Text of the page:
The Cerro La Chilca, Central Precordillera, San Juan
Silvio H. Peralt
1Universidad Nacional University of San Juan, CONICET, A. I. de la Roza y calle Meglioli, 5400 Rivadavia, San Juan, ARGENTINA. E–mail: speralta@unsj–cuim.edu.ar
Introduction The Geological Province of Precordillera (sensu
Furque & Cuerda, 1979) is a typical thin–skinned thrust–and–fold belt, about
600 km in length, extending from the south of the La Rioja Province to the south
of the Mendoza River, entirely crossing the San Juan Province. It includes three
morphostructural units: Eastern Precordillera (Ortiz & Zambrano, 1981),
Central Precordillera (Baldis & Chebli, 1969) and Western Precordillera
(see Baldis et al., 1982). From a stratigraphic point of view, the Precordillera
is characterized by the broad occurrence of Paleozoic rocks, mainly from the
Lower Paleozoic, which includes conspicuous Middle–Upper Ordovician graptolite–rich
black shales sequences, restricted to shallow–water environments in the Eastern
and Central Precordillera, whereas in the Western Precordillera they are related
to deep–water environments, evidenced by hemipelagic and turbiditic deposits,
intercalated with basaltic rocks related to ophiolitic complex (Ramos et
al., 1984; Haller & Ramos, 1984; Ramos et al., 1986). In contrast
to the well studied units of the Eastern and Central Precordillera, the Lower
Paleozoic biostratigraphy of the Western Precordillera is still not well–constrained,
and only sporadic fossils, mainly graptolites, are known, and a few sections
were measured in detail. Several significant Middle–Upper Ordovician
sections are located across the Guandacol, Jáchal and San Juan rivers, where
most important exposures are represented by the Trapiche Group and the Gualcamayo,
Los Azules, Las Aguaditas, La Cantera, La Invernada, Los Sombreros, and Yerba
Loca formations. These units are entirely or partly, Caradoc in age, while the
younger Alcaparrosa Formation is uppermost Ordovician (Brussa et al.,
1999). Far away to the South, in San Isidro Creek, Mendoza province, the Empozada
Formation (Middle–Upper Ordovician), includes in the lower part a Darriwilian–Caradoc
graptolitic black shale sequence (Cuerda, 1979; Heredia et al., 1996),
besides of Hirnantian graptolite faunas of the complanatus and ornatus
zones (Mitchell et al., 1998). In some of mentioned lithostratigraphic
units, graptolite faunas appear associated with trilobites, brachiopods, and
other shelly fossils and microfossils, in particular conodonts. In the Los Azules Formation, the graptolite
Nemagraptus gracilis was firstly recorded by Borrello & Gareca (1951),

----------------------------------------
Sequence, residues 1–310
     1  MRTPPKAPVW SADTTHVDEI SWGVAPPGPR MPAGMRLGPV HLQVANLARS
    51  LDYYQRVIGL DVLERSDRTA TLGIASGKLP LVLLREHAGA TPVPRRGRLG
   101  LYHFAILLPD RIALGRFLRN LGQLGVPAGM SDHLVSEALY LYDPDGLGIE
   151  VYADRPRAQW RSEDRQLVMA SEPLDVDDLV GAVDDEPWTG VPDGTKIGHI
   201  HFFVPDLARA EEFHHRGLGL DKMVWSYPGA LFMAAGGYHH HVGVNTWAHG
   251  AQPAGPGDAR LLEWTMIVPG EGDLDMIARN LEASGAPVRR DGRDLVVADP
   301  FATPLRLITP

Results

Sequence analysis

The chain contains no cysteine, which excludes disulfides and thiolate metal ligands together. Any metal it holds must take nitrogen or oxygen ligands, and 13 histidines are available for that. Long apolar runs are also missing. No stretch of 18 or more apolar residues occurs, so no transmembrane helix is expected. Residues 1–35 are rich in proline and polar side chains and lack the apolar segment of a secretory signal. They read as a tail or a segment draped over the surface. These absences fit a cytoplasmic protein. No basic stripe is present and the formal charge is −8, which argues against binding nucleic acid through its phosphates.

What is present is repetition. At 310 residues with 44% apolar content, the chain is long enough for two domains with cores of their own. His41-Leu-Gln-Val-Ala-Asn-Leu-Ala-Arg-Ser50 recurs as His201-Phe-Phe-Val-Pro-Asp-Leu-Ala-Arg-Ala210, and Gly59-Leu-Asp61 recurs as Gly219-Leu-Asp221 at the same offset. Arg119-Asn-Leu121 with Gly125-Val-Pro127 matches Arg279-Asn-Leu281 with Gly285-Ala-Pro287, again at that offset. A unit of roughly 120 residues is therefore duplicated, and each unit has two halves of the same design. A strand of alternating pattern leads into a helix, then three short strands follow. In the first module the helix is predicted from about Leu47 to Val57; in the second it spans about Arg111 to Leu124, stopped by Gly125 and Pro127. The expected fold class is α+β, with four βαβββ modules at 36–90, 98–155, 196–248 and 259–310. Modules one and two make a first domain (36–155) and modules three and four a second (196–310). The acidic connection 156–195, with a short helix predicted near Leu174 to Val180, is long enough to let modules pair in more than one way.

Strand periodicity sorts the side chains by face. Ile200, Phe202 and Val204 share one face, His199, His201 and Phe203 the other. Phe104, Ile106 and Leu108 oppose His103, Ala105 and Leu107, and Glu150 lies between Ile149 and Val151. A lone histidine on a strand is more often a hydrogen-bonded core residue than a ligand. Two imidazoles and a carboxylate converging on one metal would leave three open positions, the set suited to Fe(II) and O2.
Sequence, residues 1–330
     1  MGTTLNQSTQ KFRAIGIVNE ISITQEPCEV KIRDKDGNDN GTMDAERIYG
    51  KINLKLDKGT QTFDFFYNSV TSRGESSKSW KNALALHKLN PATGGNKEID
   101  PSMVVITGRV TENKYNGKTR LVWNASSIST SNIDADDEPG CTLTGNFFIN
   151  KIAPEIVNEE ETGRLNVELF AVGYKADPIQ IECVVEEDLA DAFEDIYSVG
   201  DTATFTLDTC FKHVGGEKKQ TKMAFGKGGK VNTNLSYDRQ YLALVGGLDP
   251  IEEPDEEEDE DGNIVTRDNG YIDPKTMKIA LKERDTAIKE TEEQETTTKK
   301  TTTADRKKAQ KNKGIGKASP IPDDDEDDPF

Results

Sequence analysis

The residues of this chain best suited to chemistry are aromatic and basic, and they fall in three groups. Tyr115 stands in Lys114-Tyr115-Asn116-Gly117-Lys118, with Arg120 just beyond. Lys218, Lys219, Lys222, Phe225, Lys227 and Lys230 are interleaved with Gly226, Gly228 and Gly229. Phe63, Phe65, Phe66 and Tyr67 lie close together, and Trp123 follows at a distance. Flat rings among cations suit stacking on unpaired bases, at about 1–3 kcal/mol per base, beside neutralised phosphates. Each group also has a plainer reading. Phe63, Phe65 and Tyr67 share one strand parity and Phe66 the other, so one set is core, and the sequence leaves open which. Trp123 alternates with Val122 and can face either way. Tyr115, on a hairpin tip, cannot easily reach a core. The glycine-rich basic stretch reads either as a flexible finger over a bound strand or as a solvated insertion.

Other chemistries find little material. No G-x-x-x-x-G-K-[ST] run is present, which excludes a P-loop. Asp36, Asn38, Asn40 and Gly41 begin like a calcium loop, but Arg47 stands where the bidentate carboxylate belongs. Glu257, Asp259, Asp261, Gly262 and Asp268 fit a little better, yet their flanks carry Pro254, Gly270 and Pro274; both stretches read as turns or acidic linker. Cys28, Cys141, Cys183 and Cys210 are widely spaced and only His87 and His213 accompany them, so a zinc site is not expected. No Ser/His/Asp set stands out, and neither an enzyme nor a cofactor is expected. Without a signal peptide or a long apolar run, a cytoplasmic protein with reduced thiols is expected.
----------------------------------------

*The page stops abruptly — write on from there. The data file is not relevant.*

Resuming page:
in the reference section located in the Cerro Viejo area. However, in the Ordovician
of the Precordillera, the Nemagraptus gracilis Zone was formally recognized
in a biostratigraphic contribution by Harrington & Leanza (1957). Later,
several contributions regarding the occurrence of graptolites from the N.
gracilis Zone were provided by other authors (Furque & Cuerda, 1979;
Peralta, 1986, 1990; Ortega & Brussa, 1990; Brussa, 1996, 1997). On the
other hand, Ordovician black shale sequences of the Precordillera and a green–house
event during the N. gracilis Zone (see Berry et al., 1978; Lagget
et al., 1981; Arthur, 1983; Jenkyns, 1986) have been widely discussed
in previous papers (Peralta & Barrera, 1992; Heredia & Beresi, 1994).
The Geological Province of Precordillera (sensu Furque & Cuerda, 1979) is a typical thin–skinned thrust–and–fold belt, about 600 km in length, extending from the south of the La Rioja Province to the south of the Mendoza River, entirely crossing the San Juan Province. It includes three morphostructural units: Eastern Precordillera (Ortiz & Zambrano, 1981), Central Precordillera (Baldis & Chebli, 1969) and Western Precordillera (see Baldis et al., 1982). From a stratigraphic point of view, the Precordillera is characterized by the broad occurrence of Paleozoic rocks, mainly from the Lower Paleozoic, which includes conspicuous Middle–Upper Ordovician graptolite–rich black shales sequences, restricted to shallow–water environments in the Eastern and Central Precordillera, whereas in the Western Precordillera they are related to deep–water environments, evidenced by hemipelagic and turbiditic deposits, intercalated with basaltic rocks related to ophiolitic complex (Ramos et al., 1984; Haller & Ramos, 1984; Ramos et al., 1986). In contrast to the well studied units of the Eastern and Central Precordillera, the Lower Paleozoic biostratigraphy of the Western Precordillera is still not well–constrained, and only sporadic fossils, mainly graptolites, are known, and a few sections were measured in detail.
Several significant Middle–Upper Ordovician sections are located across the Guandacol, Jáchal and San Juan rivers, where most important exposures are represented by the Trapiche Group and the Gualcamayo, Los Azules, Las Aguaditas, La Cantera, La Invernada, Los Sombreros, and Yerba Loca formations. These units are entirely or partly, Caradoc in age, while the younger Alcaparrosa Formation is uppermost Ordovician (Brussa et al., 1999). Far away to the South, in San Isidro Creek, Mendoza province, the Empozada Formation (Middle–Upper Ordovician), includes in the lower part a Darriwilian–Caradoc graptolitic black shale sequence (Cuerda, 1979; Heredia et al., 1996), besides of Hirnantian graptolite faunas of the complanatus and ornatus zones (Mitchell et al., 1998). In some of mentioned lithostratigraphic units, graptolite faunas appear associated with trilobites, brachiopods, and other shelly fossils and microfossils, in particular conodonts.